14. Hi All,

    I’m building with superadobe since a while in Kenya and I’m still facing problems with heavy rains and humid climate.
    Got in touch recently with PermaZyme branch in West Africa and all seems promising.
    My only questions are:

    Did some of you already used this kind of enzymes in a rammed earth building? Any thought?

    The guys at PermaZyme are telling me that the mix became rock solid and waterproof but loose the capacity to breathe, which for us is one of the most important characteristic of the soil, any idea or suggestion on this?

    It seems that the product works up to 25 years, anyone knows what will happen after?

    Thank to all for any help,

    Rob

    • Provide for adequate ventilation and you shouldn’t have trouble.

      Rammed earth is rammed earth (assuming proper soil mix and solid tamping). Once it sets up and the walls are plastered then it can last centuries.

      Put up big tarps and work under cover if there’s a lot of rain.

      And no, I’ve never used any stabilizers. In most cases they’re not needed.

  15. maybe just so dumb and backwards?! we have had cow manures ,, sticky, gooey, seems to have worked in many places, good for houses, don’t think appropriate for roads.

  16. I only said that the stabilizer I bought looks and smells like elmers. I have alot of the stabilizer to use and once that is gone, will buy the elmers to try. The elmers type of glue sells locally for about 12$/gal., much less than the stabilizer. With the stabilizer, I mixed 4 parts of water with 1 part of stabilizer and noticed a profound “stickiness” to my soil that was very sandy, having about 10-15% clay and fines.

  17. Using Elmer’s style glue is very interesting. It would be helpful if you told us about what ratio to soil, or how to tell you have enough but not too much.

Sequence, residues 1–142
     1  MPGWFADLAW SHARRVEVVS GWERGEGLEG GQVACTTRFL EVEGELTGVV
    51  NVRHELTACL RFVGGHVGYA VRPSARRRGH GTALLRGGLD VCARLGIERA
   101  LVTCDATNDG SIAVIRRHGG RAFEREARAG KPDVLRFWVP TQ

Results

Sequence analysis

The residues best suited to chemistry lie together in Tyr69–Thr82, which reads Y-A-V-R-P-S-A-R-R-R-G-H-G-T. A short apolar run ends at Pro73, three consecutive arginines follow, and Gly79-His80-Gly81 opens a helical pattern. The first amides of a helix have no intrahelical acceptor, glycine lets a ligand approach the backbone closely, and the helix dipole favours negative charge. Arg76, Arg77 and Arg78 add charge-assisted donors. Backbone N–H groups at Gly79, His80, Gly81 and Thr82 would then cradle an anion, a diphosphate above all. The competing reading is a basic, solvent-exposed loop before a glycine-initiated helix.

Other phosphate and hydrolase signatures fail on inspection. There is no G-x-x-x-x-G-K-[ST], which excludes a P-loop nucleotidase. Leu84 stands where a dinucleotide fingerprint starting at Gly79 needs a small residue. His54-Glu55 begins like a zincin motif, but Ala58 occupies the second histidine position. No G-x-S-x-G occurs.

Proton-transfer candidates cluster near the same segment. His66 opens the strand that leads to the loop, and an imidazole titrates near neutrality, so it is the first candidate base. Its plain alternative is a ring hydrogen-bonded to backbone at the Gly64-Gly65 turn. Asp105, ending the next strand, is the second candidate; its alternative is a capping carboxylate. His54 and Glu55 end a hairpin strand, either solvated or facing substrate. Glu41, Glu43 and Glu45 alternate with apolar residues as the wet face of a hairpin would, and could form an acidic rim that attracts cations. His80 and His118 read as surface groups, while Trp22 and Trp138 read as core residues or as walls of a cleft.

There is an article in my book “Earthbag Building” by Hunter and Kiffmeyer about making your own “Homemade Milk Binder”, which is made with skim milk, white vinegar and Borax (20 Mule Team stuff) (page 192). They compare it to Elmer’s Glue. I think it would be much cheaper to make it by the gallon or liter.

  18. I agree. I think someone, someday will come up with it. We are going to use some elmers type glue, which looks, smells and has the same consistancy as the road builder enzyme we purchased.

  19. While it might be interesting to try to concoct the ideal cheap enzyme for stabilization, unless you have a lab and testing ability, it might seem more practical to use portland cement. We use a combination to acheive superior results (psi of 1200 to 1500). We would certainly welcome the opportunity to use a less costly product, but after reading your suggested method of producing the enzyme, we would prefer to use a proven formula for our production. If you ever go into the enzyme production business, please contact us.

    • True, do-it-yourself enzyme production probably isn’t going to happen for the average owner builder. Still, it’s good to get this information out in the public domain more because some people will likely benefit.

Leave a Reply

Your email address will not be published. Required fields are marked *

This site uses Akismet to reduce spam. Learn how your comment data is processed.